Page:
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Top 10 Ways to Prepare to See a Reboot of Your Most Beloved Genre Franchise 08.05.2009

Posted by Commodore Mendez in Star Trek Stuff.
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Yeah, I could never afford this. But now I have a nice .jpg of the cover.

Yeah, I could never afford this. But now I have a nice .jpg of the cover.

1. Lower your expectations. In fact, expect to be disappointed. Seeing as Hollywood is the money-grubbing, idea-deprived whore that it is, chances are pretty good they’ve gone and really screwed up something you loved. But you have to see it, don’t you? (Which is exactly what they’re counting on for the opening weekend coffers.)
2. Go with fellow fans. You may have friends or even lovers who are curious as to why you’re obsessed, oh, about some 40-year-old TV show and who want to see what all the fuss is about. Take them some other time. You’d spend hours after the moving explaining too much. For the first viewing (you know you’re going to see it more than once), see it with people who know the territory. You can laugh at the sly references together, and argue at high volume or commiserate silently after it’s all over.
3. Go incognito. You might really, really want to wear your special ears or that mustard-yellow velour pullover you save for special occasions. Don’t. Last thing you need is strangers afterward constantly asking you, “So what did you think, nerd?” and laughing at your tears. Do yourself a favor. Keep the action figure in your pocket and hold it bravely when you see tropes as close to you as family savagely bastardized.
4. Don’t go to the DVD. Unlike the night before an exam, the night before you see that reboot is no time to refresh your memories of the franchise you love. Why? Because you’ll begin to see flaws that you knew were there but never matter before. The reasons we love shows are often ephemeral and have a lot to do with who we were and how we felt when we first saw them than the actual shows. Keep your love alive.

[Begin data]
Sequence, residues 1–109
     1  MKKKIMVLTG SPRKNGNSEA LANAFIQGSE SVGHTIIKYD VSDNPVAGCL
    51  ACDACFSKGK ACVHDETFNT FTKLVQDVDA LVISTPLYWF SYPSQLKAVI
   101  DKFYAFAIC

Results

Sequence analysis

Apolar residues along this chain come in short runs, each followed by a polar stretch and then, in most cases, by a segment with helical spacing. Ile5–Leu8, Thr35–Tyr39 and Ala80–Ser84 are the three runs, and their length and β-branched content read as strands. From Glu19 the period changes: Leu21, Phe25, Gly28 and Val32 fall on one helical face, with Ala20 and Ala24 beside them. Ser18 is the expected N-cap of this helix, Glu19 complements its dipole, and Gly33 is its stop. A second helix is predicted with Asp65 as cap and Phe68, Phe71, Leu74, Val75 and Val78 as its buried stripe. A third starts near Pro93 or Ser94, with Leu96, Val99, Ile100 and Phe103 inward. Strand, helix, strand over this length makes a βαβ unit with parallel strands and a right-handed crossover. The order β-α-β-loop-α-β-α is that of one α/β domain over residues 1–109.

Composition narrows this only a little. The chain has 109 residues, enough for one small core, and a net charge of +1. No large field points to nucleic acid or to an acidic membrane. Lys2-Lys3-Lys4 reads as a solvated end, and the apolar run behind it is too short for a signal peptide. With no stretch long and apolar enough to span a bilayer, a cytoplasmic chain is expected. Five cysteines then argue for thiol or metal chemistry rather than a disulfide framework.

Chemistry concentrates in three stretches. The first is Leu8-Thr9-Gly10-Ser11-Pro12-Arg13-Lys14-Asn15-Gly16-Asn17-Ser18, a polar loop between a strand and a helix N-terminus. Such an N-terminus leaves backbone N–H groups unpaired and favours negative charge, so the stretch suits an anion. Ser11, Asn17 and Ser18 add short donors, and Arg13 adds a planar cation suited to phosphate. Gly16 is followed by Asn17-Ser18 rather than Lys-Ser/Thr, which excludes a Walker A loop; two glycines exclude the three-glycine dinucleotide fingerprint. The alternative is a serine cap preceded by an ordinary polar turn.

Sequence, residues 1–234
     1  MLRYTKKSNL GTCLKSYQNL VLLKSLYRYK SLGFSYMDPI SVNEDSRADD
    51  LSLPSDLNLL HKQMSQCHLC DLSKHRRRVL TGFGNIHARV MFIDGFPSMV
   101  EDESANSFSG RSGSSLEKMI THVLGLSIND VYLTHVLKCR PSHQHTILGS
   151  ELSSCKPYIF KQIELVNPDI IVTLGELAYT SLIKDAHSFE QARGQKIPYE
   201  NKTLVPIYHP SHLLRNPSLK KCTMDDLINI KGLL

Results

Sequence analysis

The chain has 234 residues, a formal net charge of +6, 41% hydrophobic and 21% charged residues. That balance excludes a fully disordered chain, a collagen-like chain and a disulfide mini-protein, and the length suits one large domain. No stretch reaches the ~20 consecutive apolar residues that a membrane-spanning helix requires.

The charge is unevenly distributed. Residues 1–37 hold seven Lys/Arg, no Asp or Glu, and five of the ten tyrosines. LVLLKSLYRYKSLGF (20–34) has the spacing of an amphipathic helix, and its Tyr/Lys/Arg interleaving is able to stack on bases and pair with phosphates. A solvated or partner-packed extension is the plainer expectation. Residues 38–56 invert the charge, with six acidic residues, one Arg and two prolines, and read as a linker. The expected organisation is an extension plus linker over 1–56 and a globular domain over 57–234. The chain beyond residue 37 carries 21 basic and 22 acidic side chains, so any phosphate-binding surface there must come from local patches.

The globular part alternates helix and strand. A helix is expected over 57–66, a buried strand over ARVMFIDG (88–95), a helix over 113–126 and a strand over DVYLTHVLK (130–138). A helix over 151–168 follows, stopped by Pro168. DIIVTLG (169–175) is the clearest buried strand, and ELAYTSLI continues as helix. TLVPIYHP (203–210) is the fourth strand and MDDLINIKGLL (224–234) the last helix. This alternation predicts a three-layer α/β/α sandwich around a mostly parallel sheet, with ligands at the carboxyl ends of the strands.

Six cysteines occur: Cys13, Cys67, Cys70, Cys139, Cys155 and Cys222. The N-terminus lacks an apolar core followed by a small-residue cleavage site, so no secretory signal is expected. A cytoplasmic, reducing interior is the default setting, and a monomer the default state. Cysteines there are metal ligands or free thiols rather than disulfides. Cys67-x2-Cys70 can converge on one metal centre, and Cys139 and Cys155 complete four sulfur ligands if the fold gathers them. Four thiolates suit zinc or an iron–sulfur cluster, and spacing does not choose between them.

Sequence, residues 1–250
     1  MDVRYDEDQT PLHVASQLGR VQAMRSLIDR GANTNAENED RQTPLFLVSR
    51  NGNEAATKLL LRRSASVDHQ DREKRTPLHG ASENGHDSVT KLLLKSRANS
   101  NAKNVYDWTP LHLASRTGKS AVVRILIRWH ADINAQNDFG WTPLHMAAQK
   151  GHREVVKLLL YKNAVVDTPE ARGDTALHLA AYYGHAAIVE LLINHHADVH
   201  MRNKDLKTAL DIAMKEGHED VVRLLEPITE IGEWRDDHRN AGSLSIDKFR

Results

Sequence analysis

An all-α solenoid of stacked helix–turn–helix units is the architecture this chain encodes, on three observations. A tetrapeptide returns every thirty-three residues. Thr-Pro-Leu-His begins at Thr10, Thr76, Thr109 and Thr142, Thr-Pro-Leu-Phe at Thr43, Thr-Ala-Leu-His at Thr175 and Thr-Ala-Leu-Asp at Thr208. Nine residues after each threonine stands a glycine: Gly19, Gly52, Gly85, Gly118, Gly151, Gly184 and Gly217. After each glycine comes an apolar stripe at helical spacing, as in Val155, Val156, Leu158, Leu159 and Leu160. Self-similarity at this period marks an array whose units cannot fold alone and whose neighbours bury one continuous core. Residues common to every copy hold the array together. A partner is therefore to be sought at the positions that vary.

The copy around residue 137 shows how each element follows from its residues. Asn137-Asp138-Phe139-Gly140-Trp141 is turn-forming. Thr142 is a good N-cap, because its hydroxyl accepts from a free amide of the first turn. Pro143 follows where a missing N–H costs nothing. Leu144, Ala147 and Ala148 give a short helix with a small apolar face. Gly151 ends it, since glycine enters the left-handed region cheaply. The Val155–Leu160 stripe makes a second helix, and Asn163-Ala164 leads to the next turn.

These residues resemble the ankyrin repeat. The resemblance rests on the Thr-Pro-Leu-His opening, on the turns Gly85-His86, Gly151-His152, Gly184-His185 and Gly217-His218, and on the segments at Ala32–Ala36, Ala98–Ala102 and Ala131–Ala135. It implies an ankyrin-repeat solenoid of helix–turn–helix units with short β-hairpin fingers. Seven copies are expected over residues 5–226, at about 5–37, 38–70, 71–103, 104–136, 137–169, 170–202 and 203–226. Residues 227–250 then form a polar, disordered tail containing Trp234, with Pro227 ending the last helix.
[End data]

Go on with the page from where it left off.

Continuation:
5. Eschew reviews. Movie critics want to be noticed, and it behooves them either to be contrarian (so they’re taken as serious) or gushy (so they can  get blurbed). Ignore the reviews. Ignore your friends’ telling you snapshots of the reviews. The guy in the New York Press hated it! Wait to see for yourself. Then read every fershenlugger review you can get your hands on.
6. Don’t be bought. They will come at you with collector’s glasses, toys, watches t-shirts, viral videos, magazine covers, limited edition personal lubricant. On and on. You know these are bribes. Stay clean. I know it’s not easy in this heavily marketed world of ours and eventually you’ll break faster than you would under a neural neutralizer. Just try to keep your head clear and your hand out of the till as long as possible.
7. Unlearn all that you have learned. Wait, that’s impossible. Why did I even put that in there?
8. Keep an open mind. There is a very small chance it might actually be good.
9. Buy your candy and beverages elsewhere. Just general movie-going advice. They rip you off in there.
10. Rewatch the old stuff—later. Whether you love the reboot or not. Weeks later, after you’ve seen and digested or upchucked the new thing, go back, watch the old shows again, and remember why you loved it so much in the first place.

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